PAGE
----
The final film in my Seven Days of Marilyn Monroe series and in the Forever Marilyn: Blue Ray Collection is The Misfits. Though it is in black and white, the fantastic artwork on the disk makes up for that. It makes the set truly collectable, along with the artwork on Some Like It Hot. The screenplay for this film was written by the amazingly talented Arthur Miller. He and John Huston managed to take a story with little action and drama and make it a fantastic film. They really managed to bring out some of the best, most honest performances I’ve seen from Marilyn Monroe and Clark Gable. This film has meat; some serious substance and heart. Marilyn as Roslyn Tabers is devoid of the usual glitz and glamour and phoniness that comes along with a large number of her characters. Roslyn is deeper, lonely and reflective after a divorce in Reno to a man who was absent most of the time. Monroe seems vulnerable and innocent, but not dumb.
Roslyn meets Mechanic Guido (Eli Wallach) and cowboy Gay Langland (Clark Gable) who invite Roslyn and her friend Isabelle Steers (Thelma Ritter) to Guido’s home that he built for his wife. It’s never been completed as his wife passed away in childbirth. Initially Guido is the one who is interested in Roslyn and he puts a lot of pressure on and hope in the newly divorced woman, letting her know he hasn’t been interested anyone else since his wife’s death until his interest in her. Shortly after the trip, Gay puts the moves on Roslyn when he gets her alone in the car, but she makes it clear she isn’t interested in him that way. This statement is short-live as the two quickly set up a home together at Guido’s unfinished house. Gable strikes me as a bit “creepy old man” in this film, I mean, as much as Clark Gable could be such a thing.
It’s not just Monroe who is down to earth in this performance. The entire cast are down in it as a real people, no caricatures or over the top performances to be had. Just real people with real problems and real stories, depth and humanity. Their relationships are simple, not overly complicated or ridiculous. It sounds like it would be something of a boring premise, no glitz and glamour as was the fashion, no ridiculous comedy or mobsters, but as is proven over and over again, the most relateable stories and characters can be some of the most entertaining. No doubt Miller and Huston knew exactly what they were doing.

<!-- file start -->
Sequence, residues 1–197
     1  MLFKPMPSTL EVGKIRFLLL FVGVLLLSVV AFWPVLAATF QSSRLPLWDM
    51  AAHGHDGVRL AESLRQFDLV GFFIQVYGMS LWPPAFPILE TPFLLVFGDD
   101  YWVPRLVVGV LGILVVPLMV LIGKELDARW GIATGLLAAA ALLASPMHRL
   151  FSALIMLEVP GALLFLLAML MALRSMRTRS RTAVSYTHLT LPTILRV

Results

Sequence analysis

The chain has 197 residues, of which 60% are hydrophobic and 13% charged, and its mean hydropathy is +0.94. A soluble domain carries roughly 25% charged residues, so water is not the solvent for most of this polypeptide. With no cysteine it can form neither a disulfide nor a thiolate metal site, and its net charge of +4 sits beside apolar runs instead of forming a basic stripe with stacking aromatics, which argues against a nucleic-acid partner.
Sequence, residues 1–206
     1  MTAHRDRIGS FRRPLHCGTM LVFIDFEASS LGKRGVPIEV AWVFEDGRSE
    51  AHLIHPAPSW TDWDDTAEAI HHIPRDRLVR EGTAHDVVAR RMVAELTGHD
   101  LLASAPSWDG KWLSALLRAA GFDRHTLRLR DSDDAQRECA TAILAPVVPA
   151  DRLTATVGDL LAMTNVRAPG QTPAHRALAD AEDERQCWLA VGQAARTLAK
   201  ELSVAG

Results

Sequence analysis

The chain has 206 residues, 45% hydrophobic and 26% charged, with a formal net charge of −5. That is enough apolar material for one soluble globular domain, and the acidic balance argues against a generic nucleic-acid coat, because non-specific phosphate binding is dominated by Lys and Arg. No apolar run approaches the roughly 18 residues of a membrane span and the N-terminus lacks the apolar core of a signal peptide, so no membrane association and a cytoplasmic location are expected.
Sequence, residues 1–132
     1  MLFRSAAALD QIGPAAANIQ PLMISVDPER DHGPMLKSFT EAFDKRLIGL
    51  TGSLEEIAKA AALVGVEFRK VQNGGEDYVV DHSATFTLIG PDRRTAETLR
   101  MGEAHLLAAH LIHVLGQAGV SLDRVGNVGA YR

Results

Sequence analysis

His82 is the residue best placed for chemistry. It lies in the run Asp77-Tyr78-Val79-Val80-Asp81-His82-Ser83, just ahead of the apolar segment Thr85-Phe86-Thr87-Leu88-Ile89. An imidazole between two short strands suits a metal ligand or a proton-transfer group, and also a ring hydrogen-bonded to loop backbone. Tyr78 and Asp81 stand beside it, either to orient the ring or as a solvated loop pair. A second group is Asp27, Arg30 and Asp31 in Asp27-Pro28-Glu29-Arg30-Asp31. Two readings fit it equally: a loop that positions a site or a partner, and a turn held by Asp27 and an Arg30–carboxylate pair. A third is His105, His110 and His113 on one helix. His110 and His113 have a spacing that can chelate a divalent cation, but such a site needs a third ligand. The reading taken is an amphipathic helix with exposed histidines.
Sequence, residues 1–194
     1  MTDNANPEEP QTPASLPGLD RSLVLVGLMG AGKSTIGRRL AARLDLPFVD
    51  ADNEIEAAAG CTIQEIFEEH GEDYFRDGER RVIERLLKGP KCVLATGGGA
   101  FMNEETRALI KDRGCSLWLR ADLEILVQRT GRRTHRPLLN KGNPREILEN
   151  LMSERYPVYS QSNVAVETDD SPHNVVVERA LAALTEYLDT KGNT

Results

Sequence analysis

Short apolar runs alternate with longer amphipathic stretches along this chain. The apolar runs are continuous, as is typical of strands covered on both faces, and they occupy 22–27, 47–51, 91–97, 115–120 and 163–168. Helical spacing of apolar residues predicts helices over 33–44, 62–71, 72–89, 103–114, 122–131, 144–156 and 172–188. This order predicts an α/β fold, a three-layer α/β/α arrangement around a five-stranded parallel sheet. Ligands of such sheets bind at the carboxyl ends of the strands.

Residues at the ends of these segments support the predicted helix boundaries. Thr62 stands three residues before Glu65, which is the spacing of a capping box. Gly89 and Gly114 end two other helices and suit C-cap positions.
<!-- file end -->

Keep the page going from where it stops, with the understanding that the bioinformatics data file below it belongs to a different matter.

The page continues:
About halfway through the film, in walks Montgomery Clift as Perce Howland. It seems that seeing a younger cowboy turns Roslyn’s head away from Gay pretty quickly. Roslyn is completely smitten, literally can’t keep her eyes off him. Roslyn says she did “interpretive” dancing when she used to dance in clubs, which is definitely an interesting way to put it. Perce seems just as full of life and youth as Roslyn, Gay seems to be no match.
When Isabelle runs into her ex husband and his new wife, she leaves the happy crew as they are at the rodeo and about to go “mustanging” or rounding up wild horses, so they can all spend a week together. Roslyn is left as the only woman among the wild men, upset at the way they treat the horses to get them riled up. for the rodeo. When Perce is hurt, Marilyn seems a little overly concerned. She’s not of a strong enough constitution to handle hanging out with rough and tumble cowboys. This was real rodeoing before back braces and helmets and Roslyn’s concern continues when Perce is injured a second time. The boys are truly boys, just wanting to go have a good time after a close call or two. Guido is jealous of Perce and lets Roslyn know. Both men are aware of the threat posed by Perce and Roslyn seems to have no real idea of the turmoil she is about to cause.